• Matt:

    I do agree that parking is a consideration for a city like Cincinnati, but the amount of spaces that would be lost by building over these surface lots is nominal. Most of the lots are quite small, and the larger ones near City Hall are rarely fully occupied.

    With that said, current zoning requirements mandate exactly what you are stating here. Developers will certainly be forced to provide parking spaces to satisfy the needs of their development minimally, and potentially more for larger more impactful developments (i.e. 5th & Race).

    In terms of the streetcar, a transit system of that nature is not designed to relieve commuter traffic or parking demands. Streetcar systems are designed to eliminate or drastically reduce the need for an automobile within the service area. So where this would help is with the new developments needing fewer parking spaces to satisfy the needs of the new residents.

  • One thing that I’d like to see more of is mid-tier rentals downtown. There are a number of “luxury” lofts available, and of course very low tier rentals available. But it seems like most of the new construction are condo towers or conversions. I know there are some mid-price range apartments available, but from what I heard they have pretty high occupancy rates.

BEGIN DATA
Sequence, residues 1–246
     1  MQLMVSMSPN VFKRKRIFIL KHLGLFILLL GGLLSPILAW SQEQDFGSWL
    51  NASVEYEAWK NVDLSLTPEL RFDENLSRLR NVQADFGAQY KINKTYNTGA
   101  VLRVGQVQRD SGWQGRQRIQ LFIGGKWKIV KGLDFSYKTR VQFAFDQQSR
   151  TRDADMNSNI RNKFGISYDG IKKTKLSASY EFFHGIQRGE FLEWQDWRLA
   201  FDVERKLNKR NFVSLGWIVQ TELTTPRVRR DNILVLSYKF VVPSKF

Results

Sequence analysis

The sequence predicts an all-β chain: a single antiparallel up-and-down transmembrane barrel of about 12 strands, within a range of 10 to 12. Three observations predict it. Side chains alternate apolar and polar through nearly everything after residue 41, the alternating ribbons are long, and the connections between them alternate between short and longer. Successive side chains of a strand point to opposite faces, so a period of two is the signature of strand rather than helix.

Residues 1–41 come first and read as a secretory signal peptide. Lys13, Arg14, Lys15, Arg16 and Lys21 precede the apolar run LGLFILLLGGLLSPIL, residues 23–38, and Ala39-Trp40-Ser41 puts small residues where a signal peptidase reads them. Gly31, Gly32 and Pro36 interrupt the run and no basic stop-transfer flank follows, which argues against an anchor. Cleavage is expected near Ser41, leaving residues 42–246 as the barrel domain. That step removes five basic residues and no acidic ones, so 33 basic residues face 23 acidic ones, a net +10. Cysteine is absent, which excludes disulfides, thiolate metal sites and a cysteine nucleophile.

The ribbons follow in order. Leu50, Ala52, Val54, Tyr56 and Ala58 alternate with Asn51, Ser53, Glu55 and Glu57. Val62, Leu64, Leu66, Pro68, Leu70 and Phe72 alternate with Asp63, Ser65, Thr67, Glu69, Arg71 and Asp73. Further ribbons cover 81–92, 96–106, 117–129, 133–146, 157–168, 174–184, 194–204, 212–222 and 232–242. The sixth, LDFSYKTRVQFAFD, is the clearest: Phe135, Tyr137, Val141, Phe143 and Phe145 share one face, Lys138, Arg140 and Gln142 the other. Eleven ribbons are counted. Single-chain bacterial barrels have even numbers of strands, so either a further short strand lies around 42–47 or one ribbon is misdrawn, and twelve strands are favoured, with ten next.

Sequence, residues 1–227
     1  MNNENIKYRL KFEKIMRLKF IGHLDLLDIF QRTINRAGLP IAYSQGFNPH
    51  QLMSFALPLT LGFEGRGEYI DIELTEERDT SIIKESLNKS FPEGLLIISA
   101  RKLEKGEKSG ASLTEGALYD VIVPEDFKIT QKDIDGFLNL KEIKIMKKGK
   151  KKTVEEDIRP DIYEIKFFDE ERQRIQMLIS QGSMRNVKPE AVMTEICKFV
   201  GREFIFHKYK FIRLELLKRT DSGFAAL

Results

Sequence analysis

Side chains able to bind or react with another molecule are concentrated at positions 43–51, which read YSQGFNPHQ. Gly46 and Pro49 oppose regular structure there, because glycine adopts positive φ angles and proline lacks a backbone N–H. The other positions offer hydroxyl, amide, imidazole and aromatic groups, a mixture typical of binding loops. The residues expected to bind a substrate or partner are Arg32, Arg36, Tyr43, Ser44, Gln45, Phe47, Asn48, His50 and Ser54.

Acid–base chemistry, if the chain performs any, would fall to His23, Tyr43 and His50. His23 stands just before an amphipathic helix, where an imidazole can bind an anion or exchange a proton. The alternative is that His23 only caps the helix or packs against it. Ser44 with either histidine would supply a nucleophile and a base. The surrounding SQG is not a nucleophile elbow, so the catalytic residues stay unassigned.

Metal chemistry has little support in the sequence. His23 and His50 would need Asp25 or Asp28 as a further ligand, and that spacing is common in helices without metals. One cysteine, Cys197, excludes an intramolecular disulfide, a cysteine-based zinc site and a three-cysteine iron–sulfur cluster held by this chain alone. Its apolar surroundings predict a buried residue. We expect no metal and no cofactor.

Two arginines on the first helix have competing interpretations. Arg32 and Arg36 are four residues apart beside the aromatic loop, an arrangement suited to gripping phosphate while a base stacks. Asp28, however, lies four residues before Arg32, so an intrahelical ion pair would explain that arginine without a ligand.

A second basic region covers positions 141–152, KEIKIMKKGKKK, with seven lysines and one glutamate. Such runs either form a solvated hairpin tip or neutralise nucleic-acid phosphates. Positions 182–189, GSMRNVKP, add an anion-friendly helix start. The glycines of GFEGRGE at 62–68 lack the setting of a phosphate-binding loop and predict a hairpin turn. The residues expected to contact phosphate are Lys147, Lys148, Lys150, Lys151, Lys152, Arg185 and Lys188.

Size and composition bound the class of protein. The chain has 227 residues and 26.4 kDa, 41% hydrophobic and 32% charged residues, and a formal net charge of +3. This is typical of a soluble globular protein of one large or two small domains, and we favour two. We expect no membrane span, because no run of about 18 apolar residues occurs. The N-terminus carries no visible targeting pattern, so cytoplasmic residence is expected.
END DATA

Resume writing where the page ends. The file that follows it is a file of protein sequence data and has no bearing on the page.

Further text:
Also, on the topic of parking, there are thousands of spots being built in the Banks. I would assume any development could be offset by some of the many parking spots going in. And to the point about mid-tier apartments, you fill those with recent college grads or people wanting a car-free lifestyle (assuming they also work downtown), the parking needs are liable to be less than elsewhere. Thinking out loud here…

  • Eric:

    You are right about the existing mid-price apartments in the downtown area. They typically run at 95% occupancy rates and sometimes higher. There is a great need for more of those units, but they are often not cost effective to cover the cost of renovation or new construction. Eliminating parking requirements could help to make these more affordable, or we could continue to provide gap financing for affordable projects like this as we currently do.

    As for the parking at The Banks, there is a ton of it. Unfortunately, much of that was included by Hamilton County’s request. They wanted to continue to receive the parking revenue generated from events at the two stadiums from the underground parking garages. Some excess was created to replace the parking that was there prior that served lots of office workers along 3rd Street.